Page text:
Henry Claus moved quickly to establish himself as a brewer who offered more than just a basement joint, opening the Henry Claus brewery in 1865, at 471 Bushwick Avenue, near the intersection of Forrest Avenue. It quickly expanded, covering the plot at 493 Bushwick, with a bottling facility on Garden Street. An 1870 inspection record shows that Claus had invested $5,000 of capital into the brewery, producing 3,000 barrels of beer at a value of $25,000. With his wife and four children, he took up residence just down the block. Claus, however, died in 1872, leaving the fate of the brewery to his wife, Catherina.

She kept the brewery competitive, ably managing amidst fierce competition, before remarrying in 1876. Her new husband, Rudolph Lipsius, another brewer, changed the company’s name to reflect the union of two brewing families. By 1877, twelve years after the founding of the brewery, the long-term prospects for the new Claus-Lipsius Brewery appeared to be good. Lipsius oversaw the construction of an eight-story tower, “the top of [which] surmounts the building… 150 feet from the ground.” The Brooklyn Union-Argue called it “an imposing structure.” Inside, the business of beer production was humming along nicely. In its first full year with the new name, it had sold a “healthy” 12,460 barrels of lager, good for 16th overall out of the 34 breweries in Brooklyn at the time, as calculated by Anderson. By 1879, just two years later, its production had increased by a monumental 8,300 barrels, with sales totaling 20,775 barrels.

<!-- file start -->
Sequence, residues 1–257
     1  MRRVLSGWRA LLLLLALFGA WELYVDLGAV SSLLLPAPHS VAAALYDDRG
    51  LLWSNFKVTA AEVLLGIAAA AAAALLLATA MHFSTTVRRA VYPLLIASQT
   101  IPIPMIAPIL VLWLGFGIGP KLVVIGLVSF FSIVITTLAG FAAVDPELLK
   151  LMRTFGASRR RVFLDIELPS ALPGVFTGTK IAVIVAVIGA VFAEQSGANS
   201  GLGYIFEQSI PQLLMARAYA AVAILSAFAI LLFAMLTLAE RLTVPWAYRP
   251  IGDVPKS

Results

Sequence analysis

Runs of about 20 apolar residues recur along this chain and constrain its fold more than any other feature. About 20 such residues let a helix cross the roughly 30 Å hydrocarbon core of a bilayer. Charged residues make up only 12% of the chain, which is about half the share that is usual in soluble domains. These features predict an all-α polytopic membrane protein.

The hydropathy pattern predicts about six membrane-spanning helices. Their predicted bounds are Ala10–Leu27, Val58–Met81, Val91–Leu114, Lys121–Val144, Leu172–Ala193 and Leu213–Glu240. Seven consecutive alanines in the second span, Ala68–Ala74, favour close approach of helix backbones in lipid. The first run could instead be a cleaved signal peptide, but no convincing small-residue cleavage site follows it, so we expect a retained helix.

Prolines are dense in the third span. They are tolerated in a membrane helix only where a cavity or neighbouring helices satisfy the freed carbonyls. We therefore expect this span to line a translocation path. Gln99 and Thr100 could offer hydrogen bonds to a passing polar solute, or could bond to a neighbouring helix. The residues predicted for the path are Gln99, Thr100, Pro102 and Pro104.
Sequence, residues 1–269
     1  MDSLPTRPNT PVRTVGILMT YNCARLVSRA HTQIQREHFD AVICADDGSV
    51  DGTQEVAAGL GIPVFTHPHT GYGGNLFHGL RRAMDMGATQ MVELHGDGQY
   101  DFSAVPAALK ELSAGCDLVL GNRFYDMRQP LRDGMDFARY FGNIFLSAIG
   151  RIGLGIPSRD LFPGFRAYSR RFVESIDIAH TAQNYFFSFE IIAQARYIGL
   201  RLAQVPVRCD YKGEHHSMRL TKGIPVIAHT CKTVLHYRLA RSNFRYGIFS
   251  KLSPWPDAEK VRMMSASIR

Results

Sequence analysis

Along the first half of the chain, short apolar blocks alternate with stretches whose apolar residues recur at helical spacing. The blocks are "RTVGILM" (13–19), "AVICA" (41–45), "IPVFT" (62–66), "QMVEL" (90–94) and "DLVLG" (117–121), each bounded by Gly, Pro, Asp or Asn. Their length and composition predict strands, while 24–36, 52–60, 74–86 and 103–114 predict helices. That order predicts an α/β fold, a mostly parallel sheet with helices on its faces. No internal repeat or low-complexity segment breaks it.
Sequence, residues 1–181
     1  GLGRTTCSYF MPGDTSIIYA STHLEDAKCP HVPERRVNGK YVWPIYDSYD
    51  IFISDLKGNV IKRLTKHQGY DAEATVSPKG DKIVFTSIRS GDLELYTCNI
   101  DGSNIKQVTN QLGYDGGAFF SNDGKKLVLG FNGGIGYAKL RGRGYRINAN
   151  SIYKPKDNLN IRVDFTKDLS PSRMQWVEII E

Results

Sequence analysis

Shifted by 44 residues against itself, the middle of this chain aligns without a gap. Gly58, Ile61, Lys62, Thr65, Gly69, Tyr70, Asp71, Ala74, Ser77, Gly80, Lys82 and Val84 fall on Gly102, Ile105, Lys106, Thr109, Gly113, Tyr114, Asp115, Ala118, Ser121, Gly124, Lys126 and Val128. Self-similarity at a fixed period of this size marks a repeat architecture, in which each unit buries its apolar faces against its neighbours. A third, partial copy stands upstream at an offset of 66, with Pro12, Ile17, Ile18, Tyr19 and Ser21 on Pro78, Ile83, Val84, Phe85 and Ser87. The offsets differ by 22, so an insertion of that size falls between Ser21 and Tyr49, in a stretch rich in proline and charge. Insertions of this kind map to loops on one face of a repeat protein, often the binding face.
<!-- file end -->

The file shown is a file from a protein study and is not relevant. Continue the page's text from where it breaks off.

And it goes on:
Each of these barrels was distributed either through kegs – delivered to restaurants, saloons, and bars in the city – or by bottle. Claus-Lipsius bottles were inscribed simply with the name of the brewery, and “Brooklyn, N.Y” in bold letters below. The central logo, however, draws attention. Seemingly a Star of David with an overflowing mug of beer inside it, the logo would have been known as the Brauerstern, or “brewer’s star,” among fellow German brewers. The six-pointed star, writes Jeff Platt, embodied the three elements of brewing (fire, water, and air) and the three ingredients of brewing (malt, hops, and water). In essence, the symbol was a mark of purity.

Yet whatever the purity of the Claus-Lipsius beer, Catherina found the golden age of Bushwick brewing increasingly difficult. In 1882, after only six years of marriage, Lipsius also died, a passing felt keenly throughout the close-knit German brewing community. The Brooklyn Eagle reported that all of the breweries in the city hung their flags at half-mast during his funeral service.

What’s more, the brewery’s larger, richer neighbors were simply outpacing the Claus-Lipsius facility. In the period between 1877 and 1879 when Lipsius had overseen a barrel production increase of 8,300 per year, S. Liebmann’s Sons, which was “but a stone’s throw” away from Claus-Lipsius, increased its production by 18,000 barrels. Overall, Liebmann produced almost three times as much beer per year as did Claus-Lipsius. Anderson speculated that the smaller brewery might have suffered from a “down-the-block kid brother complex.”